Allegations of bribery in Mexico, and an ensuing cover-up by company executives, have rocked Wal-Mart this week. And though the company has been lauded in recent years for various sustainability initiatives, this week’s revelations are a reminder of the more troubled side of the company’s history — and further fodder for critics who want to keep its stores out of their neighborhoods. (Hello, New York and D.C.) Simply put, this is hardly the first time the retail giant has felt the glare of negative headlines or legal hot water.
Just since 2009, according to Bloomberg, Wal-Mart has been either a plaintiff or a defendant in 3,044 federal court lawsuits, 358 of those involved employment issues. And while some of the company’s legal tangles have fallen under the “Wal-Mart sued after customer bruises knee” category, several cases and incidents have set records for settlements. Here’s a rundown of some of the more infamous:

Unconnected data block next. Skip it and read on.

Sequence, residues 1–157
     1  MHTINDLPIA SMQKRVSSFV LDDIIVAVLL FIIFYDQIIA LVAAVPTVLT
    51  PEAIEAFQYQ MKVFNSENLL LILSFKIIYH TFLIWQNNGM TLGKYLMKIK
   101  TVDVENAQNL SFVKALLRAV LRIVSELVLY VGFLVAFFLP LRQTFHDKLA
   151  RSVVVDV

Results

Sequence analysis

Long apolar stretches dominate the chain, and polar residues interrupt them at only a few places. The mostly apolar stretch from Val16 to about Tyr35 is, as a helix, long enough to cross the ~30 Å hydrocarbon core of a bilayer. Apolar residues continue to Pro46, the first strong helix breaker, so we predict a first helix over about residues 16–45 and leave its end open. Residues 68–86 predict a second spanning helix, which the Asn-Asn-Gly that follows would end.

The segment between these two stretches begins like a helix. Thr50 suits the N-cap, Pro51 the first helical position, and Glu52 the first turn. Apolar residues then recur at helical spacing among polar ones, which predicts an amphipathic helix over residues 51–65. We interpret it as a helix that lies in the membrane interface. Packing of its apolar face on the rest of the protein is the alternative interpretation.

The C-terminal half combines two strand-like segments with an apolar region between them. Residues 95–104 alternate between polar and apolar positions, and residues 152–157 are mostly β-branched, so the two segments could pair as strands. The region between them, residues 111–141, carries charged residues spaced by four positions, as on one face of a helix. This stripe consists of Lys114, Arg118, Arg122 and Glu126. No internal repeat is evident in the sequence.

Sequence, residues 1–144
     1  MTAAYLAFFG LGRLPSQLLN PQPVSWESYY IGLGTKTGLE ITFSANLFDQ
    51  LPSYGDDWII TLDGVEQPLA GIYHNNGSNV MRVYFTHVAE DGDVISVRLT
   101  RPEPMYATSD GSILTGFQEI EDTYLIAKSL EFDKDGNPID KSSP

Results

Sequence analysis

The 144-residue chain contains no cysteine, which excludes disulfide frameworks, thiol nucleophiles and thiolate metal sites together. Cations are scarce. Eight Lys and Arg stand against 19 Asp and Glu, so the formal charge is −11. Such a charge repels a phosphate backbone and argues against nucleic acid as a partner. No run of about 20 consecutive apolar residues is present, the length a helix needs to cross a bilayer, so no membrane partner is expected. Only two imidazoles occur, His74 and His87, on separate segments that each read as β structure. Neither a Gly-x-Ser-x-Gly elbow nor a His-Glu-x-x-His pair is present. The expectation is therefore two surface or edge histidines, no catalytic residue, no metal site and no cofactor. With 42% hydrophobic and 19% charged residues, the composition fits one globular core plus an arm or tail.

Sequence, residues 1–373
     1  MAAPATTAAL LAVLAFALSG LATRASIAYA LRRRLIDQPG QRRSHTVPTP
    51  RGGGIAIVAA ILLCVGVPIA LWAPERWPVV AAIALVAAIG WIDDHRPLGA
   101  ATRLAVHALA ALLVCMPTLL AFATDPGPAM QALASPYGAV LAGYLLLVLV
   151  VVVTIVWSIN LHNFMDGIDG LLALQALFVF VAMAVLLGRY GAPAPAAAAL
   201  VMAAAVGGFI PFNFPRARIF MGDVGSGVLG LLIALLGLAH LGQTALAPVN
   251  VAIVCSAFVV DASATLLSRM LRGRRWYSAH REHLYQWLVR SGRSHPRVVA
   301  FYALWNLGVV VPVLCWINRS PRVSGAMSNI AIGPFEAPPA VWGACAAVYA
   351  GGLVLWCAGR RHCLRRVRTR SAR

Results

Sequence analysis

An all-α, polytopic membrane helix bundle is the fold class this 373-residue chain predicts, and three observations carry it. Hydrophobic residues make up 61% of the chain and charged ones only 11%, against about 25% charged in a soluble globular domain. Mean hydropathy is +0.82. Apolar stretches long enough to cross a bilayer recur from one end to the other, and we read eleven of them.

Wal-Mart v. Dukes
Before there was bribery in Mexico there was Wal-Mart v. Dukes. In June, the Supreme Court tossed this massive and high-profile class-action discrimination suit brought against Wal-Mart on behalf of around 1.5 million female workers.
In a 5-4 ruling, the justices said the plaintiffs’ lawyers hadn’t identified a common corporate policy that led to gender discrimination, Bloomberg reported at the time. “[The workers] provide no convincing proof of a companywide discriminatory pay and promotion policy,” Justice Antonin Scalia wrote for the majority. All nine justices, though, voted to overturn an appeals court decision that approved the class action.